The art market, that playpen of the uber rich, has given a sober response to the election of Donald Trump as president of the US. In the first auction since the election, Sotheby’s sold a little over half of what it did in the same auction last year.
Sotheby’s took in $157.7 million in its Impressionist and Modern auction on Monday, compared with $306.7 million in 2015. And despite Sotheby’s promises to cut back on the guarantees (see my story linked below), the New York Times is reporting that “Guarantees are shoring up Sotheby’s sales; its contemporary art auction on Wednesday will feature more than 30 such minimum prices.”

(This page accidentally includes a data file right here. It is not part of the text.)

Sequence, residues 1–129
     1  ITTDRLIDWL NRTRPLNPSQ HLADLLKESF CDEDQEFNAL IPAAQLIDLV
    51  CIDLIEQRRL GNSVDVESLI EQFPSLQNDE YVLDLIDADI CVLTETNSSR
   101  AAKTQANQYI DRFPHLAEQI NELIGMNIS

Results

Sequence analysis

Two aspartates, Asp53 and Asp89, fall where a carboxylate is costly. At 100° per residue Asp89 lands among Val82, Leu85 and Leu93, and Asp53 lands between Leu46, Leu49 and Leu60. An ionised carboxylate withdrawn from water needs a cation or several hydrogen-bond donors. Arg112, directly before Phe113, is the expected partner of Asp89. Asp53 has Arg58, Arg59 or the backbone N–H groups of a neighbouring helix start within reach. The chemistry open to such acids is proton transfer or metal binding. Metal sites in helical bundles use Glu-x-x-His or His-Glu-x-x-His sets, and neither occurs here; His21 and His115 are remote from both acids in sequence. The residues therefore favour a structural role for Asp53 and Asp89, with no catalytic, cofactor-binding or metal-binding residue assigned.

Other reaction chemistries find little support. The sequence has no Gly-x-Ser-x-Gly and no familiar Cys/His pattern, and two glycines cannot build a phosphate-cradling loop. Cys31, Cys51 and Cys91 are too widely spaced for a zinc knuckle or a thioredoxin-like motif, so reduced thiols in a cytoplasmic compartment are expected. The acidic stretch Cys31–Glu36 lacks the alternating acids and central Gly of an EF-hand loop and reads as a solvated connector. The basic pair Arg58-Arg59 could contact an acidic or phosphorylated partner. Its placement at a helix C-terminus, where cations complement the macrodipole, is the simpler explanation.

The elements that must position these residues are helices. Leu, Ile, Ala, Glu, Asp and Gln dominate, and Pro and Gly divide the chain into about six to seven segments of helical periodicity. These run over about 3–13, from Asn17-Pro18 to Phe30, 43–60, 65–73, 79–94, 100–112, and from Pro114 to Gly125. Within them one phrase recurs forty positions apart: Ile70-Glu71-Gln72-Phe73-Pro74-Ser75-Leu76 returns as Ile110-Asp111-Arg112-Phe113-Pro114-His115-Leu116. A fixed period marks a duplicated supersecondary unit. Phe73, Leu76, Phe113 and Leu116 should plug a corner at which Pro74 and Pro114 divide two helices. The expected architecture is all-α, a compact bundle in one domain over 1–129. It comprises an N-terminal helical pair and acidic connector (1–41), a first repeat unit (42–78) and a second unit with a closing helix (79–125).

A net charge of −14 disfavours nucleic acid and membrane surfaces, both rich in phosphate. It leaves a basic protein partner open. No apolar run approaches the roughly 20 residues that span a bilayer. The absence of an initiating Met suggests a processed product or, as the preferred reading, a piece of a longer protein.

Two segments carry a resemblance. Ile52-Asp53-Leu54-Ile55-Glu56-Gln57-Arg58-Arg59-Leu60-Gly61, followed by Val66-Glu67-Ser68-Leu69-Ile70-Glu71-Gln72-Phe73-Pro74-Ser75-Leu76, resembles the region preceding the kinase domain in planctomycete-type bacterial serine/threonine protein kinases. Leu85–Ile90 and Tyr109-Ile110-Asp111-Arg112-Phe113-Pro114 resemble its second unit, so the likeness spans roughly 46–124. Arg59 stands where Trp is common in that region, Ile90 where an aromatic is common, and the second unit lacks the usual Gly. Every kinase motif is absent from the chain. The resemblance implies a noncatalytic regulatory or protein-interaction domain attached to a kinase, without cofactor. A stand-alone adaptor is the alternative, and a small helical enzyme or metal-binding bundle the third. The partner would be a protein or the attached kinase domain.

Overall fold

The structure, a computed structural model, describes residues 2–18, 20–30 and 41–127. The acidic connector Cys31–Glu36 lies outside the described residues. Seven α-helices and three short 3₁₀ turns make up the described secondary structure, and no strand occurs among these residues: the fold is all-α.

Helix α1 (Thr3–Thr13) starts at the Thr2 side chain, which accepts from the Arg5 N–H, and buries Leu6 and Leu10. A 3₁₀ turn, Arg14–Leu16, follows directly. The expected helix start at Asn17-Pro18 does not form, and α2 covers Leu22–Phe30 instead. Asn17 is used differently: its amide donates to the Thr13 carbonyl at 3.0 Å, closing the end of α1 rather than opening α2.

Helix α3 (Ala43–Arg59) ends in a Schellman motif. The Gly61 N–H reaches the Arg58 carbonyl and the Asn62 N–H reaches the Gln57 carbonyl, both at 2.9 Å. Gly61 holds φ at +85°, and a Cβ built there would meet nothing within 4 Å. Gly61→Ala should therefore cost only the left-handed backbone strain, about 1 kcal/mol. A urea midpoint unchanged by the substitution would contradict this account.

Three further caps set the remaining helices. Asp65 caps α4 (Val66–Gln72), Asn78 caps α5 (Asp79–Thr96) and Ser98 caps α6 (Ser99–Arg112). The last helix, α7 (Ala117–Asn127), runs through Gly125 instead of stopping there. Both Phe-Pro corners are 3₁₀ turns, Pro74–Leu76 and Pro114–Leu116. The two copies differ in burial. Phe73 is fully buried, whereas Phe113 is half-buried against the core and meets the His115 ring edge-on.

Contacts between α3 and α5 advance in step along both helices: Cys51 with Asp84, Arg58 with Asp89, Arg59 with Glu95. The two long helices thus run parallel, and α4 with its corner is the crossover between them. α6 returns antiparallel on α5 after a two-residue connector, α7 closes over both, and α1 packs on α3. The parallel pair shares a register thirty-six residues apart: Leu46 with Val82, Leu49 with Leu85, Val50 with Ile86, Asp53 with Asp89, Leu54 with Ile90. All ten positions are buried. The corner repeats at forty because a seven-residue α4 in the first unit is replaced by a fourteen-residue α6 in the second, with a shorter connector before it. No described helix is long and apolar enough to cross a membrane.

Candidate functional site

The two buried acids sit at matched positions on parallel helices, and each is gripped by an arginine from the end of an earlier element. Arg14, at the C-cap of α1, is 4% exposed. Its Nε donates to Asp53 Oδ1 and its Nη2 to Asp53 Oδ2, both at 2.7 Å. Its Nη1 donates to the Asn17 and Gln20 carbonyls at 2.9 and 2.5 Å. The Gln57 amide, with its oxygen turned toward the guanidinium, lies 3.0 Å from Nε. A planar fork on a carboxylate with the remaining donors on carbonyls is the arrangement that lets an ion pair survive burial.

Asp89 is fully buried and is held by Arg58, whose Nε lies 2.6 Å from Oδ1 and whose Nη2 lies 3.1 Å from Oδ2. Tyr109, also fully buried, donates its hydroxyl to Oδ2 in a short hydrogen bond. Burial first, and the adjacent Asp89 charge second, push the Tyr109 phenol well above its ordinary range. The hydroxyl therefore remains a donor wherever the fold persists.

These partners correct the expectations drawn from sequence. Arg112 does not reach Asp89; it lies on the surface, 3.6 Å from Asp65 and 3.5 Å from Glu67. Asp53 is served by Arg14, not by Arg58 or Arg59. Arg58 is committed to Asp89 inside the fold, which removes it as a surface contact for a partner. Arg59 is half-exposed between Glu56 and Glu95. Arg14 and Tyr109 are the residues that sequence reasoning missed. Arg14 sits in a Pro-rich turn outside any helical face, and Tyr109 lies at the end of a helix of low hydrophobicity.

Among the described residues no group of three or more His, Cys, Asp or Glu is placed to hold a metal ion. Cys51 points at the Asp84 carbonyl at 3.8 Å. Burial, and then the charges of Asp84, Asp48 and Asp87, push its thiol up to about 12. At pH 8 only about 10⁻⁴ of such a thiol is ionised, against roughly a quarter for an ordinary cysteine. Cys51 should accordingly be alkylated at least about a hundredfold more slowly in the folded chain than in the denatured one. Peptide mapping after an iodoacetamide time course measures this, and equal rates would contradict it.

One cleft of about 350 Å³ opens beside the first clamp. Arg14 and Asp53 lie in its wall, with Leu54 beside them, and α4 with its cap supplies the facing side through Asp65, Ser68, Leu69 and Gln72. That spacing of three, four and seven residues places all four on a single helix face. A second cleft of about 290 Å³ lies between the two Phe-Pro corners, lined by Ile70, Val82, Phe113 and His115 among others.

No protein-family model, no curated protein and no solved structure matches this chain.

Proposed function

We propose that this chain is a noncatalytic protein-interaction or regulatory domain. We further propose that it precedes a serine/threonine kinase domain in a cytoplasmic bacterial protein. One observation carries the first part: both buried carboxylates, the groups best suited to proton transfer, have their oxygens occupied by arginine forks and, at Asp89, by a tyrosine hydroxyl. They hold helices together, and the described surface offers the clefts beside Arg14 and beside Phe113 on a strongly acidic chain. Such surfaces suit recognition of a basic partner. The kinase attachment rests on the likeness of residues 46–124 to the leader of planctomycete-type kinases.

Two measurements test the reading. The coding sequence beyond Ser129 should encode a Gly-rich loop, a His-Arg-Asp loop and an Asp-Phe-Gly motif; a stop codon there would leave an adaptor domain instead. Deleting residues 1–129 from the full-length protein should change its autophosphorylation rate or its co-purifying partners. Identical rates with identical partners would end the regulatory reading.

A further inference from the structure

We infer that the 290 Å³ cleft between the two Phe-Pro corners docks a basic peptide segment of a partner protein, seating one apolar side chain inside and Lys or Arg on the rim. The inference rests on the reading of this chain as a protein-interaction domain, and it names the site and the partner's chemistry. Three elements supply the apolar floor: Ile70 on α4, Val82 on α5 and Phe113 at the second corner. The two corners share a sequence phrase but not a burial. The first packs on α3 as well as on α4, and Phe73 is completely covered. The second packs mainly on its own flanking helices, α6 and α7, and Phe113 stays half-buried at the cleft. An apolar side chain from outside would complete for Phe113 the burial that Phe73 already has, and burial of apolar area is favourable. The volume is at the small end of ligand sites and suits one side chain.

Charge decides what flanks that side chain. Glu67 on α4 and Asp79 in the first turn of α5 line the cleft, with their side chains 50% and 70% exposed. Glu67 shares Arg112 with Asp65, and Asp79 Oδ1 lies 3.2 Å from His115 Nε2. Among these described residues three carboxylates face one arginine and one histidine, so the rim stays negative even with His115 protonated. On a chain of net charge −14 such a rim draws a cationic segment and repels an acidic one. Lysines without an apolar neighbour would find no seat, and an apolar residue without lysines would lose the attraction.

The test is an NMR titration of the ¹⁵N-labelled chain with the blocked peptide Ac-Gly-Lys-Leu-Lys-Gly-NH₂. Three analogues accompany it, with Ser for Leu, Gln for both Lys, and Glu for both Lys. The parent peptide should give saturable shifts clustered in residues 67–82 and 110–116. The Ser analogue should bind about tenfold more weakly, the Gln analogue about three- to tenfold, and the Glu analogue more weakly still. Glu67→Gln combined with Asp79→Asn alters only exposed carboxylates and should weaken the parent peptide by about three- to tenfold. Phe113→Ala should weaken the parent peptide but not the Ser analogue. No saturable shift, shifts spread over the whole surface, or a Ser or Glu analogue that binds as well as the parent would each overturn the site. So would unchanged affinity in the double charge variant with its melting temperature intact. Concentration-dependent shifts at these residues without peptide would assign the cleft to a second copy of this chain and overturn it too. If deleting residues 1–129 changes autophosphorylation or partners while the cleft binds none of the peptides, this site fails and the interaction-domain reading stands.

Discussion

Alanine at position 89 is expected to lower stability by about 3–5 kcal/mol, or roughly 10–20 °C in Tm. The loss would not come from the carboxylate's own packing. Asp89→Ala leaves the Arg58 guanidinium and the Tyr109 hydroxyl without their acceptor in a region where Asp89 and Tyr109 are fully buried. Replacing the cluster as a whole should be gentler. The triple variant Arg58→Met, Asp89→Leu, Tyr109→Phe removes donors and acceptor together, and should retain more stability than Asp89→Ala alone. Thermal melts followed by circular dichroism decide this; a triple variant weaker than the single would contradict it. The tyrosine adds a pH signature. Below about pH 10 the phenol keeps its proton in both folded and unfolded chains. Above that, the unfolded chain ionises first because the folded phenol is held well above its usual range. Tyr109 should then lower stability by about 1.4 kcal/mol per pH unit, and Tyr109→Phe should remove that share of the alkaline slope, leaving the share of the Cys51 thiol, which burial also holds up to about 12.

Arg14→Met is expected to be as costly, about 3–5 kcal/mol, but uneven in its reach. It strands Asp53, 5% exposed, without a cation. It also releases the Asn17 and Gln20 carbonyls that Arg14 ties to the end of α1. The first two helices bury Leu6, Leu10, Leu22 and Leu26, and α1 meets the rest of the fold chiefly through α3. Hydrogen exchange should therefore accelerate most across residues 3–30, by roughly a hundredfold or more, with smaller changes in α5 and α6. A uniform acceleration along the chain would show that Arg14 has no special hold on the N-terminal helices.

I’m a huge van of Edvard Munch, whose emotionalism and depression seem so appropriate for our times. I was thrilled to see that the top sale Monday was for his 1902 painting, “Girl on a Bridge” ( see above). But even it was simply a pre-arranged sale in the form of a guarantee.
Meanwhile, investor and board member Dan Loeb has to be unhappy that the Sotheby’s downtrend is continuing; it lost $54.5 million in the third quarter, more than triple the $17.9 million loss for the same period a year ago.
My article on the art market slump in this Fortune piece in the Oct. 1 issue explains the forces at play.